When she started a children’s literacy foundation called Always Dream in 1997, she found a new purpose. Now she also focuses on raising her daughters, Keara and Emma. She is in the picture in 2020

Kristi, who was inducted into the US Olympic Hall of Fame in 2005 and won the sixth season of Dancing with the Stars, recalled feeling lost after the Olympics.

“When you’re 20 years old in the Olympics, you have to find a way to do something different,” she recalled.

“My mom and dad were active members of the community—and still are—and my mom asked me, ‘What are you going to do now to give back?’ It stopped me.’

But when the 50-year-old started a children’s literacy foundation called Always Dream in 1997, she found a new purpose.

She added: ‘I have always loved working with children. And that’s the legacy of “Always Dream”, which gave it more purpose in my life than just being a former athlete.

“We were always focused on supporting the hopes and dreams of underprivileged children. About 10 years ago we narrowed our focus to early literacy.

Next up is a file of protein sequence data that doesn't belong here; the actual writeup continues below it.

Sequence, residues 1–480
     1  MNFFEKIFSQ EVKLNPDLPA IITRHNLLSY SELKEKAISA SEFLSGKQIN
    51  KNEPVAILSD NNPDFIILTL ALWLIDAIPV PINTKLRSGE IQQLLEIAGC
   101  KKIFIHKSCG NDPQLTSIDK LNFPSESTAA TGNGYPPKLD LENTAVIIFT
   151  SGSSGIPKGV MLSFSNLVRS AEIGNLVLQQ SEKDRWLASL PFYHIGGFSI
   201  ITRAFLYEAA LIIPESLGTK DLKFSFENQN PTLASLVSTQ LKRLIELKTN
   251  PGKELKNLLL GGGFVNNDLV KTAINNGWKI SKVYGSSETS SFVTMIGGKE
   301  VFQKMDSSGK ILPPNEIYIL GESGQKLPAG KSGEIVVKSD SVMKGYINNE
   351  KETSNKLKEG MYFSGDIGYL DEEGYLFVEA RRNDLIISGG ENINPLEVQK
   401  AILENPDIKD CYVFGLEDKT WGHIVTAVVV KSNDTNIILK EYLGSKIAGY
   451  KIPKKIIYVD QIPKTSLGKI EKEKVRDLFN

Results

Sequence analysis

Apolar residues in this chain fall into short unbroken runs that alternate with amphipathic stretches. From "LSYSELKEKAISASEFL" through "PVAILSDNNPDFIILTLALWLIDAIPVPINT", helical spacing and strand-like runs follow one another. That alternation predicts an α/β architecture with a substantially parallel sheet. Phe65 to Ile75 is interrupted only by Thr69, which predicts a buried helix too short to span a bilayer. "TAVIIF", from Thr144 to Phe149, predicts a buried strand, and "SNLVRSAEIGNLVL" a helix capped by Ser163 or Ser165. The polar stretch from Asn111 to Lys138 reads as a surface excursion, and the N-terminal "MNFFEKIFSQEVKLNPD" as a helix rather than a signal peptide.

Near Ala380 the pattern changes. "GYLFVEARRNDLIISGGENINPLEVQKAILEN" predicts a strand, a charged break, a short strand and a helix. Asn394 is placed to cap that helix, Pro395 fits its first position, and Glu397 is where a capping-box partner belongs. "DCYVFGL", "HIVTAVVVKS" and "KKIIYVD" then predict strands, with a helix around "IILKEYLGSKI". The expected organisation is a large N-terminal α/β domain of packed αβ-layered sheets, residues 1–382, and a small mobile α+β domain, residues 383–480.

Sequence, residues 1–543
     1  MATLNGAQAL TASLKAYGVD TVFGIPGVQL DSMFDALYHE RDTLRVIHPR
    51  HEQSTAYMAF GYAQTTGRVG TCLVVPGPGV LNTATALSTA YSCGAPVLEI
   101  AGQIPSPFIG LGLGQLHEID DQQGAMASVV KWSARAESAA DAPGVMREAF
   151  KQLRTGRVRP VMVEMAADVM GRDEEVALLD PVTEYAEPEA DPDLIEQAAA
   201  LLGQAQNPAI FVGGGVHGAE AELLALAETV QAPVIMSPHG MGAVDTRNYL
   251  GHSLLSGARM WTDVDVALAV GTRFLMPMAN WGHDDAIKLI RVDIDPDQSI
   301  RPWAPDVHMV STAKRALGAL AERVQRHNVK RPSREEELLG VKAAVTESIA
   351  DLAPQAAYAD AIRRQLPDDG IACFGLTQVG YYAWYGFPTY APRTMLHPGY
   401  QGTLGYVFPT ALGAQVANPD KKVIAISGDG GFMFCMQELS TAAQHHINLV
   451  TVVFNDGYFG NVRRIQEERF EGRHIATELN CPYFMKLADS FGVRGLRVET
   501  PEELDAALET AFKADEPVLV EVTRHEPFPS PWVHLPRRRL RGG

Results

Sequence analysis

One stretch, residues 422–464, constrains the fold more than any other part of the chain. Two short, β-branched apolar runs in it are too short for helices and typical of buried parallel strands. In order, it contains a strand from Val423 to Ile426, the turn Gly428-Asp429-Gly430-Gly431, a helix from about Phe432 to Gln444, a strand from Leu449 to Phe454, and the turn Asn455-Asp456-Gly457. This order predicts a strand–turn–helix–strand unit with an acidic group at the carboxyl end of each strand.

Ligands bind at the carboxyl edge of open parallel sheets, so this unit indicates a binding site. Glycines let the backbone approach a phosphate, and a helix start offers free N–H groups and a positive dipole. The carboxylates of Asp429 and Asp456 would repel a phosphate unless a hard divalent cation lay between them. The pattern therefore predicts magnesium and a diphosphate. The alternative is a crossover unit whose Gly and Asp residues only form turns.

‘It’s really about providing tools. If you look at some of the stats out there, 60 percent of the [poor] families do not have children’s books at home. That really inspired me.

“As a mother of young girls (who are now seniors and sophomores in high school), I couldn’t imagine not being able to read them a bedtime story at home.

“This is about providing access to quality books and linking them with family involvement support so that families feel empowered with tools to get involved in their child’s learning at home.”

Kristi recently got in touch with a mother and daughter who received a tablet of downloadable children’s stories through Always Dream, and talking to them really put things in perspective for her.

She said the little girl told her, “I’m so glad I have my tablet because wherever we are, Mommy can still read me a bedtime story.”

‘To hear that? Oh wow. It hits you right in the stomach. It makes me proud, and motivates me to do even more, because you see and feel it,” she continued.

“We don’t realize all the different ways we can influence people. That was a small one, but it gives you some insight into the types of families we serve and the impact this has.”